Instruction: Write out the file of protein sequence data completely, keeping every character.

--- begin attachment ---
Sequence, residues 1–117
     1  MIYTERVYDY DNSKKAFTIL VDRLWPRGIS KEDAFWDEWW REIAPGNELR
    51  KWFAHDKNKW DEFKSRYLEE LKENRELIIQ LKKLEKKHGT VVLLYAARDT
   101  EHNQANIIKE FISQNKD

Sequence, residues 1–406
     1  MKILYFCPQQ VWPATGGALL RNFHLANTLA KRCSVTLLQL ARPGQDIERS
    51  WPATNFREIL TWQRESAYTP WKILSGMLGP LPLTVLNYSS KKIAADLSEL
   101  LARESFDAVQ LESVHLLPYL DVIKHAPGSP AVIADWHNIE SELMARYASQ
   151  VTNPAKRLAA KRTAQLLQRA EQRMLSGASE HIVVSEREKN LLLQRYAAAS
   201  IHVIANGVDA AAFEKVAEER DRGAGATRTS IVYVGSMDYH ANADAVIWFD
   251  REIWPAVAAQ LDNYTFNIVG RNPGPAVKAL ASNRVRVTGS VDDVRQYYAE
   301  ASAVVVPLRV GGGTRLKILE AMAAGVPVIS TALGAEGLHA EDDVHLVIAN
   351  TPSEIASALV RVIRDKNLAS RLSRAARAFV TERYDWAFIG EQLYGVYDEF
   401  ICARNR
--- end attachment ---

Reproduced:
Sequence, residues 1–117
     1  MIYTERVYDY DNSKKAFTIL VDRLWPRGIS KEDAFWDEWW REIAPGNELR
    51  KWFAHDKNKW DEFKSRYLEE LKENRELIIQ LKKLEKKHGT VVLLYAARDT
   101  EHNQANIIKE FISQNKD

Sequence, residues 1–406
     1  MKILYFCPQQ VWPATGGALL RNFHLANTLA KRCSVTLLQL ARPGQDIERS
    51  WPATNFREIL TWQRESAYTP WKILSGMLGP LPLTVLNYSS KKIAADLSEL
   101  LARESFDAVQ LESVHLLPYL DVIKHAPGSP AVIADWHNIE SELMARYASQ
   151  VTNPAKRLAA KRTAQLLQRA EQRMLSGASE HIVVSEREKN LLLQRYAAAS
   201  IHVIANGVDA AAFEKVAEER DRGAGATRTS IVYVGSMDYH ANADAVIWFD
   251  REIWPAVAAQ LDNYTFNIVG RNPGPAVKAL ASNRVRVTGS VDDVRQYYAE
   301  ASAVVVPLRV GGGTRLKILE AMAAGVPVIS TALGAEGLHA EDDVHLVIAN
   351  TPSEIASALV RVIRDKNLAS RLSRAARAFV TERYDWAFIG EQLYGVYDEF
   401  ICARNR